Employers join forces to develop costs lawyer apprenticeship


Walkden: Looking to tap into talent at an earlier opportunity

Fifteen law firms and the Government Legal Department have joined forces to develop the newest legal apprenticeship, for costs lawyers, with final approval of the scheme anticipated in the summer.

The Institute for Apprenticeships and Technical Education has already accepted the need for the apprenticeship and is currently assessing a draft occupational standard created by the costs lawyer apprenticeship employer trailblazer group.

If approved, it will then go to the Department for Education for final sign-off.

The apprenticeship is pitched at Level 6 and will take three years to complete, with apprentices having a study day each week and gaining the required qualifying work experience to lead to qualification as a regulated costs lawyer.

The expectation is that the apprenticeship levy will be available to the benefit of both large and small employers.

Coming together in response to a call for interest from ACL Training – an arm of the Association of Costs Lawyers – the 16 employers formed the trailblazer group and only started meeting last September but has worked rapidly since.

The ACL and the regulator, the Costs Lawyer Standards Board, are strongly supporting the move to open up careers in costs to school leavers and others looking for a route into law.

The group’s members are drawn from six specialist costs firm – Arc Costs, Carter Burnett, Cost Experts, KE Costs, Phoenix Legal Services and Your Legal Services – as well as nine solicitors’ firms: Browne Jacobson, Clarion Solicitors, Irwin Mitchell, Keoghs, Lyons Davidson, MSB Solicitors, Slater & Gordon, Switalskis and Winn Group. The other member is the Government Legal Department.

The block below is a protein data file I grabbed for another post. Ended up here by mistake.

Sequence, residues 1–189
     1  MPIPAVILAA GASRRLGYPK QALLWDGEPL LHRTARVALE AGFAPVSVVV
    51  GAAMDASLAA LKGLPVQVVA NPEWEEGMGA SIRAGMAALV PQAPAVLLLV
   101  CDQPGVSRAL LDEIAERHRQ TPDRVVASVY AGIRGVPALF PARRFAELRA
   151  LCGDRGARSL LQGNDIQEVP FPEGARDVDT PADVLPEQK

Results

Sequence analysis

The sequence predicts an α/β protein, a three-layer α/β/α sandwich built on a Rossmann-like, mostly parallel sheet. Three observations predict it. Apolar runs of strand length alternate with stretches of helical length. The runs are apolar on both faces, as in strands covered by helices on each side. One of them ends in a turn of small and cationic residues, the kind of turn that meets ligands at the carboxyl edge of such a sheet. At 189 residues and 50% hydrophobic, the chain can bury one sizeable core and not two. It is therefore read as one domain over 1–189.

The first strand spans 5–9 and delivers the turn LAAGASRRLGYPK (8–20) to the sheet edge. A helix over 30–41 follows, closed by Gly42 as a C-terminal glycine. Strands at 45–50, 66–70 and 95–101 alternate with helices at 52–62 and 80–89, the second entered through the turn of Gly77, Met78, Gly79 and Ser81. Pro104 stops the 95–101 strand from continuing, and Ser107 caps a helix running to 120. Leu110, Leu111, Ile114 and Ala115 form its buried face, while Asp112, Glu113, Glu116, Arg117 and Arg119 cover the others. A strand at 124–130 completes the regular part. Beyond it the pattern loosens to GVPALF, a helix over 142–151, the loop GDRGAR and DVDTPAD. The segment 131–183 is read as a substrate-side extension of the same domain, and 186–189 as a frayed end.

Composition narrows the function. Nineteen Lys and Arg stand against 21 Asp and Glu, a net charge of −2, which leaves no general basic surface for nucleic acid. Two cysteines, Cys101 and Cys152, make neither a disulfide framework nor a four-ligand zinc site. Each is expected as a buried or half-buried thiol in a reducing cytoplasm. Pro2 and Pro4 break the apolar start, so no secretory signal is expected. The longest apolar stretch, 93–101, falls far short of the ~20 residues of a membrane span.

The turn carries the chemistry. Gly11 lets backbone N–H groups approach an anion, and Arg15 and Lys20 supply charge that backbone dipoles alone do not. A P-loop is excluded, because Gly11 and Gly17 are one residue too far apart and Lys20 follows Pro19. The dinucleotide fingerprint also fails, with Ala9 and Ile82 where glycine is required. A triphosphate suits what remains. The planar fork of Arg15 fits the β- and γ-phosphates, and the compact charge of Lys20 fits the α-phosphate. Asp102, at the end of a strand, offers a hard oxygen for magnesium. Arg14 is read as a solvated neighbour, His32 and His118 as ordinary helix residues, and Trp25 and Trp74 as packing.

It is chaired by Paula Walkden, head of costs delivery and a senior associate at Irwin Mitchell. She said: “Many people working in costs got there through a circuitous route that started elsewhere in the law. We want to promote the benefits of costs as a career so that we can tap into talent at an earlier opportunity and focus their training on costs.

“At Irwin Mitchell, we have found that school students who have work experience in the costs team then ask if an apprenticeship is available. It will be great when we can say it is.”

Ms Walkden explained that the standards reflect what employers want in terms of skills, knowledge and behaviours, with reference to the competency statement produced by the Costs Lawyer Standards Board.

She continued: “The skillset of costs lawyers is changing. Rather than just focusing on drafting bills, they need more extensive litigation skills too. The opportunity to do more is there – costs lawyers get to see the whole case laid bare and can add a lot of value to the team.”

Madeleine Jenness, the head of education of ACL Training, said there would still be demand for, and reason to access, the costs lawyer qualification outside of an apprenticeship.

“ACL Training sees opening up more routes to becoming a costs lawyer as core to our purpose and the apprenticeship will raise awareness of costs lawyering to a younger audience.

“Apprenticeships will not be right for every person or every firm but in particular the levy offers a way for smaller practices to train up staff in a cost-effective and accessible way.”

ACL chair Jack Ridgway added: “The apprenticeship is terrific news for the profession. With the senior judiciary putting an ever-greater focus on costs control, costs lawyers have moved out of the shadows to play strategic roles within litigation teams on top of their expert management of costs matters.

“It is a career in law that offers a lot of opportunities for students, making this a perfect time to develop the costs lawyer apprenticeship.”




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